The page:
Sheehy chatted most with two former elected officials -
Published Saturday, February 2, 2013 at 9:45 am / Updated at 10:49 pm
Sheehy chatted most with two former elected officials

LINCOLN — Rick Sheehy's long, late-night cell phone calls most often were directed at two former elected officials, both widely known in their communities.

An investigation by The World-Herald found that Sheehy's most recent flurry of calls was directed at Michele Ehresman, the former head of the Holdrege Chamber of Commerce and a former school board president there.

Ehresman, 40, who was recently divorced, did not respond to numerous requests for an interview in recent days.

READ: Lt. Gov. Rick Sheehy's resignation letter

Another woman, Dr. Theresa Hatcher, served on the Bellevue City Council. The doctor told The World-Herald that she had engaged in a four-year affair with Sheehy and that he had promised they would marry someday.

Two other women whom Sheehy called repeatedly during a four-year period — one living in Texas and the other in Colorado — told the newspaper that their late-night calls were not sexual in nature.

The overwhelming majority of the calls occurred before Sheehy's wife filed divorce papers last July.

Rick Sheehy's career

Former paramedic who worked more than two decades for the Rural Metro Ambulance Service in Hastings, Neb., eventually serving as an area manager

Served on the Hastings City Council; first elected in 1994

Served as mayor of Hastings; first elected in 2000

Originally a Democrat but changed to Republican in 2002

Tapped in January 2005 by new Gov. Dave Heineman to be lieutenant governor; Heineman had been elevated from lieutenant governor to governor after then-Gov. Mike Johanns was named U.S. secretary of agriculture

Elected lieutenant governor on Heineman's ticket in 2006; re-elected in 2010

Announced plans in December 2011 to run for governor in 2014

Resigned Saturday following World-Herald investigation of his state cellphone records

Duties as lieutenant governor:

Often presides over Legislature

Serves as director of homeland security in Nebraska, working with state and federal officials to protect against terrorist attacks and prepare for natural disasters

Promotes economic development and moving the state forward via technology, as tasked by the governor

Represents governor at certain events

Earns $75,000 annually

Sheehy abruptly resigned his post as lieutenant governor Saturday after questions were raised by The World-Herald about improper cell phone calls to the four women.

An investigation by The World-Herald discovered that Sheehy made 2,300 late-night telephone calls to the women on his state-issued cellphone, many of them long conversations held in the wee hours of the night.

Many of Sheehy's long conversations with the women were held late at night or in the early morning hours. Sometimes, he would call more than one woman a night, sometimes three different women.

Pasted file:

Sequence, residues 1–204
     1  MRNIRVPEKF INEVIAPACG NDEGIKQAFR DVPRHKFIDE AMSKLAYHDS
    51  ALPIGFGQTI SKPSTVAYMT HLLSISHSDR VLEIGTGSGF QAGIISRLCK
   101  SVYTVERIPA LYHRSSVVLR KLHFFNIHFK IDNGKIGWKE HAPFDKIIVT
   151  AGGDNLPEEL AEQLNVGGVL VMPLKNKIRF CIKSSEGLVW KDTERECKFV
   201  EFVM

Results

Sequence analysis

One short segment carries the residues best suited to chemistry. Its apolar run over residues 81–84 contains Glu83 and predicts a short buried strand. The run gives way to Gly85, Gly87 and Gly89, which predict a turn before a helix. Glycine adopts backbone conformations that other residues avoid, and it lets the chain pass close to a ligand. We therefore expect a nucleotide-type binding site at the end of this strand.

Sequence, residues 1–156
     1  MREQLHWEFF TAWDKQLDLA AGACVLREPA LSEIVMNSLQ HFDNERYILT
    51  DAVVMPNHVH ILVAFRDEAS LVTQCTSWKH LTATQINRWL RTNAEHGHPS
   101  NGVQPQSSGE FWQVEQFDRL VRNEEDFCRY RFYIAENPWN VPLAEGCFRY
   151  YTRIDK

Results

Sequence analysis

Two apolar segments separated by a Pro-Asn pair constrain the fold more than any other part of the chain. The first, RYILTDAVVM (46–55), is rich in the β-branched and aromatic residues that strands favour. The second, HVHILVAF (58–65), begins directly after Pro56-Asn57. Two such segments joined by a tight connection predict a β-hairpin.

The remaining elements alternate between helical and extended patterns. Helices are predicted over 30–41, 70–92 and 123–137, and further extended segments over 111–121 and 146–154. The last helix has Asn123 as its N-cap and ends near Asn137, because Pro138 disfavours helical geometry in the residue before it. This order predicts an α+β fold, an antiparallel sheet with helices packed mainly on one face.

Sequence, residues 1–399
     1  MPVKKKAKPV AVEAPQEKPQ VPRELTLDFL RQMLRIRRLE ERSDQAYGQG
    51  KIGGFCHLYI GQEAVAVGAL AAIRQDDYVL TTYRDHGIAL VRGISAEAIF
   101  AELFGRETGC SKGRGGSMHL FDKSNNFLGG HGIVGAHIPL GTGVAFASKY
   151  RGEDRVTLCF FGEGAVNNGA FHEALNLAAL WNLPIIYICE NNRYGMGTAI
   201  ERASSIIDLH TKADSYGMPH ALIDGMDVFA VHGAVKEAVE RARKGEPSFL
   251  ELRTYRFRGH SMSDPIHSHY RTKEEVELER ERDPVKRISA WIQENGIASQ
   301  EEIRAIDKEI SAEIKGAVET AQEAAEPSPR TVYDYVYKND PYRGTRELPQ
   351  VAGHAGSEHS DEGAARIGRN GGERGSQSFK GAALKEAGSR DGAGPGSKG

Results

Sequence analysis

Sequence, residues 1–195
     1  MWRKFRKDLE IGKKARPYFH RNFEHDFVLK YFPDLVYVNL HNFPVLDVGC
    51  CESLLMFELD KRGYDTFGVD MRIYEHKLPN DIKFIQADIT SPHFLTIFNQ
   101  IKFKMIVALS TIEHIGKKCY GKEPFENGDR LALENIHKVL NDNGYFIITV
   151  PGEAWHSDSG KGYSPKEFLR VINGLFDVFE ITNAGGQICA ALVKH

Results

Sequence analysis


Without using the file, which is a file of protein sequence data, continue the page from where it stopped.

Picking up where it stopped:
The vast majority of the calls were with Ehresman, who now works in Lincoln for the advocacy group, We Support Agriculture.

Calls to Hatcher were mostly from 2009 through 2011.

Gov. Dave Heineman announced the resignation at a 10 a.m. press conference.

"I've got a knot in my stomach. I'm deeply disappointed. He's done a lot of good things for the state, but that trust was broken, and he's resigned," Heineman said.

He said he would begin the process of filling the post Monday. "This has happened very, very rapidly," Heineman said. "On Monday, I will begin to think about who is an appropriate lieutenant governor for the future."

The governor tapped Sheehy, a former mayor of Hastings, in 2005 to serve as his right-hand man in the State Capitol, in the hopes that eventually he'd mount his own bid for governor.

Until now, Sheehy, 53, has been considered the leading candidate to succeed Heineman in 2015.

The governor, asked at the press conference about Sheehy's candidacy, said: "I doubt he will continue his campaign for governor, and no, I would not support him under the circumstances."

Heineman declined to discuss the details of why Sheehy was stepping down, other than to say it involved "personal decisions" made by his lieutenant governor.

He said the matter came to his attention Friday and said he had a private meeting with Sheehy. The governor declined to discuss details of that conversation or say whether he asked for the resignation.

"As public officials, we're held to a higher standard. Rightly so," Heineman said. "That trust was broken, and he resigned."

He referred questions to Sheehy about why he resigned. Several phone and text messages left with the lieutenant governor by The World-Herald over the past two days have gone unanswered.

Heineman said he wasn't offended by The World-Herald's request for Sheehy's records.

"I believe in our public records and transparency in government," Heineman said. "We as government officials live in a very public arena, and that's the way it should be. I believe in transparency."

Stay with as we continue to update this story. Look to Sunday's print editions of The World-Herald for the complete results of the newspaper's investigation.

Contact the writer: Robynn Tysver    |   402-444-1309    |  

Robynn is's elections writer. She's covered presidential politics in Iowa's caucuses, and gubernatorial and Senate races in Nebraska.

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